In vivo imaging


Molecular imaging such as Positron Emission Tomography (PET) and Single Photon Emission Computed Tomography (SPECT) are major keystones in preclinical research for studying animal models of human diseases. Molecular imaging represents the link between discoveries at the molecular level and clinical implementation of novel diagnoses or treatment approach.


These tools provide a unique opportunity for studying disease and other physiological processes in 'real time', both quantitatively and at the molecular level. By using functional radioactive molecules, PET and SPECT have the ability to non-invasively observe specific cellular or molecular processes.


When combined with techniques such as blood sampling, kinetic modelling and Monte-Carlo simulation, a more comprehensive view of the processes being investigated can be obtained. Due to the non-invasive nature of PET and SPECT imaging this can be performed longitudinally to follow the processes over days, weeks, and months. This is a unique experimental paradigm, reducing variability within the population investigated and modelling individual subject’s response to the treatment.


Capability selections

 

  • Functional imaging: PET/CT
  • Functional imaging: SPECT/CT
  • Functional imaging: PET/SPECT/CT
  • Structural imaging: MicroCT
  • Imaging Quantification.

 

Functional Imaging: PET/CT, SPECT/CT, PET/SPECT/CT

 

ANSTO operates three Siemens Inveon multimodality preclinical imaging systems designed for small animal (rat/mouse) applications: two dual-modality PET/CT systems and one tri-modality PET/SPECT/CT system. Each of these can be applied on their own or in combination with the other modalities, the most common being PET/CT or SPECT/CT.


PET has the advantage of high sensitivity and true dynamic imaging compared to SPECT imaging. The PET component has a field of view of 12.7cm (axial) by 8cm (trans-axial), with a 1.4mm spatial resolution. We also have the ability to image two mice simultaneously side-by-side (up to 35g each) with the vital signs of each animal being individually monitored.


SPECT has the advantage of a large array of radio-isotopes available for imaging while also having much higher spatial resolution but much lower sensitivity (due to requiring physical collimation), however the time intervals are not as flexible as PET thus performing dynamic imaging is more complex. The SPECT component is an opposing 2-head detector system with an energy range of 30-300keV and an array of pinhole collimator options: three for mouse imaging and three for rat imaging, with each set containing a single pinhole and two multi-pinhole collimators for each head. A Low-Energy All-Purpose (LEAP) parallel-hole collimator is also available for planar imaging using a single head with isotopes of energies less than 140keV. The available fields of view vary for each collimator and can extend up to 250mm axially, however the system is only capable of imaging a single animal at a time with the pinhole collimators due to small trans-axial fields of view. The spatial resolution for each collimator set ranges are: 0.8-1.5mm for the mouse pinhole set, 2.1-2.7mm for the rat pinhole set, and 2-8mm for the LEAP (from collimator face up to 10cm from collimator face respectively).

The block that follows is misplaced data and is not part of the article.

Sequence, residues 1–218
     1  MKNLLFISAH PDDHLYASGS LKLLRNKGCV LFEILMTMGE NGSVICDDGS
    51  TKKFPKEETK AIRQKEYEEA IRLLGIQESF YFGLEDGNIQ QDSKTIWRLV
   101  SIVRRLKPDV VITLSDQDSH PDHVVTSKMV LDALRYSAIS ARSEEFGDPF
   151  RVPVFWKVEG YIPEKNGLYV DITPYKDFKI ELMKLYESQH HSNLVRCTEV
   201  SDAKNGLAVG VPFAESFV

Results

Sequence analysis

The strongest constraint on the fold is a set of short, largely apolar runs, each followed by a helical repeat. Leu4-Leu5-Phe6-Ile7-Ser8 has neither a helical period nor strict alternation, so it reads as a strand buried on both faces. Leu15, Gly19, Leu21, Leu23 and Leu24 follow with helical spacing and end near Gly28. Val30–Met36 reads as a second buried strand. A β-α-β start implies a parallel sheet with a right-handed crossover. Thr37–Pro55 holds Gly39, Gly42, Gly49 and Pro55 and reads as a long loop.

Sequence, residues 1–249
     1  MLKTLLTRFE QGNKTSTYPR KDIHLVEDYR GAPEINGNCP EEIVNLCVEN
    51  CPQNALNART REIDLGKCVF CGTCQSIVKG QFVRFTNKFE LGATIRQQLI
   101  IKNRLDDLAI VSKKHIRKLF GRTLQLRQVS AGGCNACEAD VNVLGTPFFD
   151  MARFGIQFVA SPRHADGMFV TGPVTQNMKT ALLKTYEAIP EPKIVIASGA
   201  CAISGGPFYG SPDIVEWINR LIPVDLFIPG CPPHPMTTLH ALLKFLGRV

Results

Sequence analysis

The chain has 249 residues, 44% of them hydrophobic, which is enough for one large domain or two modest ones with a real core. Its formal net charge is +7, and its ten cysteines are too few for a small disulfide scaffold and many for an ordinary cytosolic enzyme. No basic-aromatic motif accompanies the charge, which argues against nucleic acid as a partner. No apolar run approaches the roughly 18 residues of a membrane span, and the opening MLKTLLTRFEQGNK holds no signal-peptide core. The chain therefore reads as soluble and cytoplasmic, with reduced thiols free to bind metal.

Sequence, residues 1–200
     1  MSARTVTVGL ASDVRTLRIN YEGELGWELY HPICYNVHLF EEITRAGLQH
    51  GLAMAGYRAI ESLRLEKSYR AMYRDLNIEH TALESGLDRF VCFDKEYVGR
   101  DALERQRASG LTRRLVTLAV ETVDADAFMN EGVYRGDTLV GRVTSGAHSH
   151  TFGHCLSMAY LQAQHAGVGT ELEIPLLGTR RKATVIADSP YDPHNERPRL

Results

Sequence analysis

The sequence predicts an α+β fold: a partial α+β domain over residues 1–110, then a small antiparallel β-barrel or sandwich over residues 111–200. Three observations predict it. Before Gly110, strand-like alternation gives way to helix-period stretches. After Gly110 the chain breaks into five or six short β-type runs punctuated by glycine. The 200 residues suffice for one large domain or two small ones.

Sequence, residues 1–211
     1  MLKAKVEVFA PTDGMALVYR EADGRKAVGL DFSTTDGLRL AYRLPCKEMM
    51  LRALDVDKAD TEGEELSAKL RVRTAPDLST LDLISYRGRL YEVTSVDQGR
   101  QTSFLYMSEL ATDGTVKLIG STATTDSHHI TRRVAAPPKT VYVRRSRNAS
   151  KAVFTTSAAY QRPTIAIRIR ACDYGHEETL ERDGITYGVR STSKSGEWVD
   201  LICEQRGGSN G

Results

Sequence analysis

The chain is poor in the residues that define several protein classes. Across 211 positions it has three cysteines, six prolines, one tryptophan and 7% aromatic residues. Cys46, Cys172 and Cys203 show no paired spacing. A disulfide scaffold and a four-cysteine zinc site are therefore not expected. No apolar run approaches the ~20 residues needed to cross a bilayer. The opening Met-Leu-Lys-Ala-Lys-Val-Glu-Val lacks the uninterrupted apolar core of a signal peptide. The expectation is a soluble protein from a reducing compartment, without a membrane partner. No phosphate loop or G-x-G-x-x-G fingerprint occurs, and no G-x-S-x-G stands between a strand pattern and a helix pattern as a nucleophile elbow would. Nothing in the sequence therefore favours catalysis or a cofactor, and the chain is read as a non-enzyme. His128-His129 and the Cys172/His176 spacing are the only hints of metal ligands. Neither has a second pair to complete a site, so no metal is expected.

Structural Imaging: MicroCT


The microCT component of the Inveon system is primarily used for attenuation and scatter corrections of PET and SPECT data by performing a low-magnification CT scan in sequence with the PET(/CT) or SPECT(/CT) imaging with a known co-registration. This also has the advantage of providing structural information which can aid in generating more accurate regions of interest. The microCT is also capable of performing high-magnification scans up to a resolution of 40µm (high magnification has a maximum 20mm trans-axial field of view). All CT scans are reconstructed into a 3D volume which can be manipulated and viewed as virtual slices.


Imaging Quantification


Experimental imaging studies on living organisms can offer only limited repeatability due to the intrinsic variability between individuals. In such cases, it may be preferable to perform high quality simulation-based studies as a precursor to an experimental study, in order to optimise the parameters of the study (such as dosage, parameters of the scanning protocol etc.) and to determine the expected range of signal quality. This reduces the uncertainties involved in experiments and minimises the time and resources required for the successful completion of the experimental study. ANSTO’s Radiobiology and Bioimaging capabilities include expertise in the simulation of dynamic PET studies, conducted on a Monte-Carlo simulation platform developed in-house by ANSTO scientists, with highly realistic and experimentally validated models of PET scanners including the Ecat Exact HR+ human scanner, the R4 and P4 preclinical scanners and for the Siemens Inveon preclinical scanners.


A key aspect of the PET capabilities within Radiobiology and Bioimaging is our expertise in advanced image reconstruction methods optimised for dynamic PET. These methods reduce the effect of a number of well known PET imaging artefacts (such as partial volume effect, spill over and positron range) and enable the extraction of largely noise-free 4D activity distributions in both simulation and experimental studies. These techniques have been proven effective in the in vivo quantification of the density and affinity of D2 dopamine receptors in rodent brains and has been applied successfully with other radiotracers and kinetic modelling techniques.

 


 

 

For further information please contact:

 

Functional Imaging: PET/CT, SPECT/CT, PET/SPECT/CT
Arvind Parmar
Phone: +61 2 9717 9602
arvind.parmar@ansto.gov.au

 


Structural Imaging: MicroCT
David Zahra 
Phone: +61 2 9717 9893
david.zahra@ansto.gov.au

 


Imaging Quantification
Mitra Safavi-Naeni
Phone: +61 2 9717 3143
mitras@ansto.gov.au